I have to admit that I’m a bit Downey’d out. When I found out that the role of the latest incarnation of the British super-sleuth, Sherlock Holmes, was going to Robert Downey Jr., I was less than excited. It’s not that he’s not an excellent actor, or that his movies are not enjoyable, but the kind of smug, decadent, mischievous persona that seems to be his new standard (on screen and off) is not the kind of person I like to spend time with. I had always thought of Holmes the character (not that I’ve read any of Conan Doyle’s literary work) as a more disciplined, refined person. Like your average viewer watching a new interpretation, my first question was, How does this rendition measure up to my mental image? At first, it seemed that the brawling, bad-influence-type character was really wrong for Holmes, but kudos to Downey (and director Guy Ritchie) for not only making me forget the incongruity, but also making the whole movie plausibly enjoyable. If you overlook who this character is “supposed” to be, then you’ll have a lot more fun with this movie.
Part of the success of this film is owed to the odd-couple relationship between Holmes and Watson. Dr. Watson (played by Jude Law) is no longer the sidekick who nods admiringly from Holmes’s shadow. Instead,they bicker like room-mates, or an old married couple. Though Watson can play detective in his own right, Holmes doesn’t act like his mentor or teacher. Plus, Downey and Law have pretty good on-screen chemistry and it really boosts the film. It’s less Plato and Socrates, more Bert and Ernie between these two. Interestingly added to the mix is Irene Adler (played by Rachel McAdams with her usual spark), an ex-lover of Holmes’s who has bested him on several occasions (she’s Catwoman to his Batman). While she may have been a questionable ally, I was disappointed with her being used as a damsel in distress several times. Someone so resourceful should probably have been able to look after herself.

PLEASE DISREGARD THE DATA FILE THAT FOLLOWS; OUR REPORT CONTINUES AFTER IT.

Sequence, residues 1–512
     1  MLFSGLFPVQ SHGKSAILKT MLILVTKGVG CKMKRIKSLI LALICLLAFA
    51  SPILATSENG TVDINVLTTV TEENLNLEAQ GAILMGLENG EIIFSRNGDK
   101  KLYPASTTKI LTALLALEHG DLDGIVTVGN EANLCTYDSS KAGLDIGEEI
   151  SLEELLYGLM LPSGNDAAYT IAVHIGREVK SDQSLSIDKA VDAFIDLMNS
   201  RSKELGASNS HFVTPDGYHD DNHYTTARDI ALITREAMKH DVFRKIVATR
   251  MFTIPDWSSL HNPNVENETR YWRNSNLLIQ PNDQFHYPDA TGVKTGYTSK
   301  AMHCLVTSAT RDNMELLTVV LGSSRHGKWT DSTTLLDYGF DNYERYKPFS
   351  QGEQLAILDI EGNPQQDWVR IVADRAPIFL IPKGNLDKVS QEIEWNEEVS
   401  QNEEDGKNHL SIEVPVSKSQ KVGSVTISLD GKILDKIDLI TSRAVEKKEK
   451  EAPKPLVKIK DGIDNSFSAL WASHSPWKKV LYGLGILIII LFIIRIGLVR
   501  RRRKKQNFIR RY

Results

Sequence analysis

The plot is relatively convoluted, involving Victorian politics, black magic, and murder. There are lots of twists in the end, but I wish that the audience’s point of view was less ignorant. We are rarely given the benefit of noticing any of the clues that Holmes sees. Instead, we watch in slow motion as Holmes describes his plan for taking out his opponent, then watch it play out in real time. When he solves a mystery, he basically tells us the answer as we rewatch all the things that we “missed”. It takes a little bit of the fun out if we are just waiting for the answers. Good thing there are so many thrilling action scenes in this movie to keep our interest. This Holmes and Watson are more than mere Victorian gentlemen politely solving crimes. The Victorian England that Ritchie has recreated is grungy and a bit dangerous, and if you want to solve crimes you must be able to hold your own in a fight.
When you look more closely at it, this movie is less of a Victorian tale than a contemporary action thriller in 19th century disguise (they even find some steampunk way of trying to introduce technology that’s ahead of its time). I guess that’s why some have drawn parallels to The Batman character (and especially between this movie and last year’s mega-hit, The Dark Knight). Let’s hope that audiences feel that it lives up to the comparison.(4 out of 5)